Smart meters are a new version of your household electricity meter. But do you have to accept one if your energy supplier offers you one?
What is a smart meter?
Smart meters are meters that record your household energy use.
They are 'smart' because they will provide information about the energy you use directly to you or your supplier without anyone having to read the meter, which should mean no more estimated bills.
The official national smart meter roll-out across England, Wales and Scotland started in April 2016 and will finish in 2020.
The communications network that will enable smart meters to connect with suppliers, network operators and energy service companies, is still to be rolled-out. We're waiting to here when this will happen.
Smart meters installed beforehand will still be able to feed data to your energy supplier but may need to be updated once the communication network is up and running, especially if you want to switch supplier.
Read our guide on how smart meters work for more information.
Concerns with smart meters
Some people have concerns about:
- Estimated cost Estimated at £11bn, this will ultimately be passed on to customers
- Security & privacy Who can see your consumption data and what can they do with it?
- Health Concerns about radio frequencies and electrico-magnetic radiations produced. The evidence to date suggests exposure to radio waves produced by smart meters doesn't pose a risk to your health. Public Health England provides advice and information on the health implications of smart meters, which can be found on the PHE website.
Which? is concerned at how the government is handling the smart meter roll-out.
As the roll-out will cost so much, we think the government needs to put in place tighter controls to ensure that suppliers pass on all their cost savings to their customers and that customers aren't left out of pocket if costs spiral.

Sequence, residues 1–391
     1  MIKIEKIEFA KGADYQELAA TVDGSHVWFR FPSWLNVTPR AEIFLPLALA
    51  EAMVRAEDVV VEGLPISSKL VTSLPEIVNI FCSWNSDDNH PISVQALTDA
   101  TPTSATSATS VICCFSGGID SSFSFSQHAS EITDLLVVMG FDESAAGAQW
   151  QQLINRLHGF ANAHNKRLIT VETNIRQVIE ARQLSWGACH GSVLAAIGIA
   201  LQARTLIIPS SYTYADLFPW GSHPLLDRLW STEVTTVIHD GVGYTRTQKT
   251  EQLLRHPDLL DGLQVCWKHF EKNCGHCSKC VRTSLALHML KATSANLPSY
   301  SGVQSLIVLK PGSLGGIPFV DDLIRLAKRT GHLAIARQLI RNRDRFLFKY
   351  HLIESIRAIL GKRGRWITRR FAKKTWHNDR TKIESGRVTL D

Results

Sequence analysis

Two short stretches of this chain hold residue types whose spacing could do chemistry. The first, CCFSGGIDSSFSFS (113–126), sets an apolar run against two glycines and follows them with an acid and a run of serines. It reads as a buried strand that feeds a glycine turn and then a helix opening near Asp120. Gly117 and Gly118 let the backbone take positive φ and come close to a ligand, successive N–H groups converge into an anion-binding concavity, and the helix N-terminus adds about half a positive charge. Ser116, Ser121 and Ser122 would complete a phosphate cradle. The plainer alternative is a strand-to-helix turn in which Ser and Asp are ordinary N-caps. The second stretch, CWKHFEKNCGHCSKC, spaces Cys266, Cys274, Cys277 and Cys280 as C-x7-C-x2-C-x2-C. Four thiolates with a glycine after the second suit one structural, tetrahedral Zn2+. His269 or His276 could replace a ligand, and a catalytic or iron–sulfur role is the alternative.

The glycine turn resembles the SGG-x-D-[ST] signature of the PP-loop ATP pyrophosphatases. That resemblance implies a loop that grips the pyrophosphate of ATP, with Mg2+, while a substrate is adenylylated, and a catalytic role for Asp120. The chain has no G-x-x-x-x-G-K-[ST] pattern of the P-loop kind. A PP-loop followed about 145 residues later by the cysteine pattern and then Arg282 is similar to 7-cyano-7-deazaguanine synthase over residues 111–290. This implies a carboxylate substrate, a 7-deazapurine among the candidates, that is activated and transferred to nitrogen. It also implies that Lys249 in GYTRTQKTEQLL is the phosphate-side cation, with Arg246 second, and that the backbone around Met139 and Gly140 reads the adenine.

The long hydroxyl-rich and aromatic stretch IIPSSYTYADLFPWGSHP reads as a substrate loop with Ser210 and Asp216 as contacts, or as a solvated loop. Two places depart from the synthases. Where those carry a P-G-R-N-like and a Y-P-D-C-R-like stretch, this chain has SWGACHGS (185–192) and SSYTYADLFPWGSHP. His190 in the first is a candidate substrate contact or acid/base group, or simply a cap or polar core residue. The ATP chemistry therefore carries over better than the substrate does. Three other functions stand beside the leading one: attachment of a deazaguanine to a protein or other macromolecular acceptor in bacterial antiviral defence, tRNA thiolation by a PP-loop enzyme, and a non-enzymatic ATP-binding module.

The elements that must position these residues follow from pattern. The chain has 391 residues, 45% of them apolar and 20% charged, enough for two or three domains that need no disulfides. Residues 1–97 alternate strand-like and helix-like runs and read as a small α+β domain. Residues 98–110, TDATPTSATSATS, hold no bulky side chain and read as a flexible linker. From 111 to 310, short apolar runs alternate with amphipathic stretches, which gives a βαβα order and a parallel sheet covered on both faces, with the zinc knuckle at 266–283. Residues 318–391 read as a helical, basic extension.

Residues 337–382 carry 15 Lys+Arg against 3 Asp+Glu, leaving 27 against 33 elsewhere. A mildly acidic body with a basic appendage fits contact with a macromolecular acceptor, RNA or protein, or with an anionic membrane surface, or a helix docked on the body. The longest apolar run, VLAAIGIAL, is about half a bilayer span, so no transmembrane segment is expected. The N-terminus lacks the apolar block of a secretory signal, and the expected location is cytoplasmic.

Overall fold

We also think there are several ways in which the roll-out cost could be reduced.
If your energy company has contacted you to change to a smart meter because your current meter needs replacing, it could be a safety hazard not to. But if you really don't want a smart meter, tell your supplier and they will probably offer to install a smart meter set up to work with all the communications switched off.
What if I accepted a smart meter before the roll-out?
Prior to April 2016, some energy companies installed smart meters that don't meet the final smart meter specifications.
These early meters may not have all the functions of the later ones.
So, there's a risk that if you got a smart meter before the official roll-out, your meter may need to be upgraded. Check with your energy provider to see if you're affected.
Can I refuse a smart meter?
Even now the official roll-out has started, and although energy companies have been asked to take 'all reasonable steps' to install smart meters in every home, you should still be able to refuse a smart meter.
But beware that if your energy company has contacted you to change your energy meter to a smart meter because your current meter needs replacing (ie it's too old), then you should get it replaced as it could be a safety hazard not to.
If you really don't want a smart meter, tell your supplier and they will probably offer to install a 'dumb' meter or a smart meter set up to work in 'dumb' mode with all the communications switched off.
A government code of practice, rolled out in July 2013, sets out the minimum standards that energy suppliers have to follow when installing smart meters into customer's homes.
The code allows you to make choices on how much data your energy supplier collects from your smart meter, whether your supplier shares details about your energy consumption with other organisations, and whether your supplier can use your meter readings for sales and marketing purposes.
For more information, contact your energy supplier.
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